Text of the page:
Most people may not be aware, but acne is a skin condition that affects roughly 612.5 million individuals worldwide. Since it has been stereotyped throughout the years, many of us are not properly informed about the ways on how to prevent acne. However, given that we’ll encounter this skin disorder at some point, it’s crucial to understand the condition and its causes.
What are acne and its causes?
Generally speaking, acne isn’t considered a severe health condition—but that doesn’t mean it’s a light matter to take care of. As a matter of fact, these skin outbreaks are so common that eighty percent of people around the age of 11 to 30 undergo this predicament, and some still experience it until their 60s.
Acne is often clinically described as a skin inflammation disorder that roots from pilosebaceous units (PSUs) beneath the skin. These units containing sebum glands are located in some parts of your body, especially the face, chest, and upper back, where most zits reoccur.
With the increased androgen production building up in your hair follicles, there are various types of acne that your skin may encounter. This condition ranges from Non-inflammatory Acne such as whiteheads and blackheads that normally don’t exhibit swelling—up to Inflammatory Acne where bacteria (Cutibacterium acnes) clog your pores and lead to minor degree skin infections.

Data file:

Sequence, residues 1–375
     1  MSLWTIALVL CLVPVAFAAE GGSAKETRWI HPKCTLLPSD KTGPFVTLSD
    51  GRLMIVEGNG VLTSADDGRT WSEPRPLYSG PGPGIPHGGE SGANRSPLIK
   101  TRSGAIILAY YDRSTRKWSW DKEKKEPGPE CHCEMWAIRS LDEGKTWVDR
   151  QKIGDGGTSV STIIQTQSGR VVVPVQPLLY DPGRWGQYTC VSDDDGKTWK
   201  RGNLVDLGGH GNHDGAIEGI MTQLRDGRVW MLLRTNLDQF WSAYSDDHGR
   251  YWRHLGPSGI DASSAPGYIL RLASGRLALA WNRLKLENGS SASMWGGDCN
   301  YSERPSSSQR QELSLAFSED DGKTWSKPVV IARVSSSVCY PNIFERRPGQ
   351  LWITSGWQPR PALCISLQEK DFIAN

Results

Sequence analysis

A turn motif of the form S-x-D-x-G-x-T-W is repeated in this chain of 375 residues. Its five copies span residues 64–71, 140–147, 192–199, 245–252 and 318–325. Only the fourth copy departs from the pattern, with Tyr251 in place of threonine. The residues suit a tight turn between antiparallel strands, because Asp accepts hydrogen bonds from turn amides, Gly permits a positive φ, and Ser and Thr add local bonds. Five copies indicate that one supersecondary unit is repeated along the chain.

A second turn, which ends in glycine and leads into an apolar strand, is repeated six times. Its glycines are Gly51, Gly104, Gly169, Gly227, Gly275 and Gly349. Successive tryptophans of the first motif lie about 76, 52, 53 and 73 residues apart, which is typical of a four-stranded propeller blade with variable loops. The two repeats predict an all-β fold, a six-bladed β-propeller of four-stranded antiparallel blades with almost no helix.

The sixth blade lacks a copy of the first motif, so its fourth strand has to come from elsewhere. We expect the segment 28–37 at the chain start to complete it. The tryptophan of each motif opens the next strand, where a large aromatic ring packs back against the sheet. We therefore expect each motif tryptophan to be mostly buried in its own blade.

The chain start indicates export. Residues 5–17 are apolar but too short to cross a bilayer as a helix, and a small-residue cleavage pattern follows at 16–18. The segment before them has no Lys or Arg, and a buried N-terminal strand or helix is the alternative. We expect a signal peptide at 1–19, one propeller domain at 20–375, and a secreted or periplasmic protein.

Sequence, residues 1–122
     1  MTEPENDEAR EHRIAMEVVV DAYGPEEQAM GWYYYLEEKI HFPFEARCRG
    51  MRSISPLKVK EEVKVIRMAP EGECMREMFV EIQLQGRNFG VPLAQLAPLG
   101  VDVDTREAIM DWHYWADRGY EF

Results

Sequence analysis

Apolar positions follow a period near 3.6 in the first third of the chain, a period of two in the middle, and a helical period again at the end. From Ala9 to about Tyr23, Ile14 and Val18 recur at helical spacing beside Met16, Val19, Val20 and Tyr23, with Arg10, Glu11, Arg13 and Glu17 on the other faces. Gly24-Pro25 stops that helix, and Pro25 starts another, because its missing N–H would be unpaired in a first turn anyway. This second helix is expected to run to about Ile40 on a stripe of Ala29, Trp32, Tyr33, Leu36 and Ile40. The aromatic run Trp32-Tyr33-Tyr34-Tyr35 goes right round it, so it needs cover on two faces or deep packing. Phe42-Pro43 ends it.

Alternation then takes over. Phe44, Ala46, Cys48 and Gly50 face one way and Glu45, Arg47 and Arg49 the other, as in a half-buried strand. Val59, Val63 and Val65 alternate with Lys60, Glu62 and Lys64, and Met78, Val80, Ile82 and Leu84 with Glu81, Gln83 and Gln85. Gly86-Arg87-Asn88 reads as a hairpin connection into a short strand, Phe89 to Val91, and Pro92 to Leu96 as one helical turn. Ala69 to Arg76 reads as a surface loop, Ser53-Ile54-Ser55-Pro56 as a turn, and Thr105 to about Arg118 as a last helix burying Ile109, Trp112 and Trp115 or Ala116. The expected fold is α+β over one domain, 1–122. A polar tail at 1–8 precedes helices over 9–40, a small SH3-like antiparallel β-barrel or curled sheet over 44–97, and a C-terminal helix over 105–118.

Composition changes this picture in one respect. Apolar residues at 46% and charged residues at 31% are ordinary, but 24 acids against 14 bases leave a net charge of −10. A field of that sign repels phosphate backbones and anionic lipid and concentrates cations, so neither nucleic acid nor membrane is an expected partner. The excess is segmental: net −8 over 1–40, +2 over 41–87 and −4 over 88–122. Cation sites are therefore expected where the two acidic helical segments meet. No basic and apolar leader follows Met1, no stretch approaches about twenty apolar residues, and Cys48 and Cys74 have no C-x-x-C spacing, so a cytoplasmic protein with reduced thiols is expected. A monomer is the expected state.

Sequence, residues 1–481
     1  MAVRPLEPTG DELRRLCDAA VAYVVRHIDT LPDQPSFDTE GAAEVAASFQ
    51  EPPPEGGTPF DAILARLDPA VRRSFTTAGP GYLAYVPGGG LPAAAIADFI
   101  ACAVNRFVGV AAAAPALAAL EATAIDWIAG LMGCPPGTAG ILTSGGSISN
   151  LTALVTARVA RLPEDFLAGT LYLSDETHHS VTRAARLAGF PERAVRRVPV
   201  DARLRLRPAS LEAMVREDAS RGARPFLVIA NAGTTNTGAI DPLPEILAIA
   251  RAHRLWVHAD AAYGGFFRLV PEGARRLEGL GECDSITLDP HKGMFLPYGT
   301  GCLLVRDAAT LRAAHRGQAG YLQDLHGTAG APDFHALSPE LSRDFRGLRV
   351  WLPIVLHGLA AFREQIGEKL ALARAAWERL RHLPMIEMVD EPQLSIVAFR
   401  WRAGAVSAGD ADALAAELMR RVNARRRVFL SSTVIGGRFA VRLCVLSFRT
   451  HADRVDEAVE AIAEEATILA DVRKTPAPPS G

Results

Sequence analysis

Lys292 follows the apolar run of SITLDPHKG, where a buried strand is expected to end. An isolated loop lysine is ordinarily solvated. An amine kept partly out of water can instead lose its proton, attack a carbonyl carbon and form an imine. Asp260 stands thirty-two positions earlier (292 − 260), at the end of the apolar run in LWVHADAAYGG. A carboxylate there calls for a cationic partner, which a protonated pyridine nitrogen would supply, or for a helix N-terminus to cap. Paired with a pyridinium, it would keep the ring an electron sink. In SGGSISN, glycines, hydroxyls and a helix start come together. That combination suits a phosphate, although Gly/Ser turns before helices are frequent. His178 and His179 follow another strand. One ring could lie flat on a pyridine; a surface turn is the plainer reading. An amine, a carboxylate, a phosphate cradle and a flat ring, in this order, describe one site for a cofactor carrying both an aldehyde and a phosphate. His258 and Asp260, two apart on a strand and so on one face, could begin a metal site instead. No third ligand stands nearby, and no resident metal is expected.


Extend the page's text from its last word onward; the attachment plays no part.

The causes of acne widely vary depending on which type of skin condition you currently have; that’s why you must understand how it builds up in your body. In some cases, hormonal pregnancy changes and genetic factors can add to the occurrence of acne formation.
Tips for keeping acne under control
Despite the common misconception, there’s no confirmed way to halt the development of acne completely. However, there are some steps you can consider to keep it under control and minimize how it affects your daily life.
Keep your skin clean
Whether you’re suffering from acne or not, it’s a no-brainer that you have to wash your face at least twice a day. According to board-certified dermatologists, this routine is the most basic way to take care of your skin health and maintain the cleanliness of your pores to prevent acne formation.
While it’s crucial to remove excess oil, dead cells, and impurities in your skin, washing your face must be done sparingly. Even skin experts don’t recommend over-washing your face. You may
not know it, but scrubbing your blemishes roughly may cause irritation and trigger your acne to flare. If you’re using products like cleansers and moisturizers, always ensure that they’re suited for acne-prone skin and contain non-comedogenic substances (or skincare and makeup products that are formulated in such a way that they are not likely to cause pore blockages (comedones) and breakouts.)
Don’t Pop Breakouts
When a zit appears over your skin, the temptation to pop it out is irresistible. In the survey conducted by The Journal of Clinical and Aesthetic Dermatology, 52.9% of their female participants agree that they cope with acne by popping or squeezing, and 22.1% believe that doing it can make pimples go away.
However, did you know that squeezing it out will only push dead skin cells or bacteria deeper into your skin? That’s right. The worse-case-scenario you can accumulate from this practice is scarring and pain from increased inflammation.
Know your skin type